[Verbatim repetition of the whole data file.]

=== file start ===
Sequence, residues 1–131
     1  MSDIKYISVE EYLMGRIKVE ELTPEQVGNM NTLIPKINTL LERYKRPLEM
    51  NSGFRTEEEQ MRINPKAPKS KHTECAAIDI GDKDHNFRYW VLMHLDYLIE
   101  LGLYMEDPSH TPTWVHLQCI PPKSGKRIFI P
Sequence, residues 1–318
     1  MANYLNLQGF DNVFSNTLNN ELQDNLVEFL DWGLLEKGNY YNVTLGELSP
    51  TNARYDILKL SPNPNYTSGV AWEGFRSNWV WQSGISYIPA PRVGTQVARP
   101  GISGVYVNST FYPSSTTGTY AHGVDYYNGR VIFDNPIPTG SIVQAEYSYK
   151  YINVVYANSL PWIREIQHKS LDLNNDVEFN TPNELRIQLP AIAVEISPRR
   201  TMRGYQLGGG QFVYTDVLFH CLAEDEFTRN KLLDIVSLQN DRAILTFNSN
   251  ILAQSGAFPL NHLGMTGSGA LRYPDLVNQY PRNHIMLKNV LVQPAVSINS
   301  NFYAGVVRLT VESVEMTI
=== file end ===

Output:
Sequence, residues 1–131
     1  MSDIKYISVE EYLMGRIKVE ELTPEQVGNM NTLIPKINTL LERYKRPLEM
    51  NSGFRTEEEQ MRINPKAPKS KHTECAAIDI GDKDHNFRYW VLMHLDYLIE
   101  LGLYMEDPSH TPTWVHLQCI PPKSGKRIFI P
Sequence, residues 1–318
     1  MANYLNLQGF DNVFSNTLNN ELQDNLVEFL DWGLLEKGNY YNVTLGELSP
    51  TNARYDILKL SPNPNYTSGV AWEGFRSNWV WQSGISYIPA PRVGTQVARP
   101  GISGVYVNST FYPSSTTGTY AHGVDYYNGR VIFDNPIPTG SIVQAEYSYK
   151  YINVVYANSL PWIREIQHKS LDLNNDVEFN TPNELRIQLP AIAVEISPRR
   201  TMRGYQLGGG QFVYTDVLFH CLAEDEFTRN KLLDIVSLQN DRAILTFNSN
   251  ILAQSGAFPL NHLGMTGSGA LRYPDLVNQY PRNHIMLKNV LVQPAVSINS
   301  NFYAGVVRLT VESVEMTI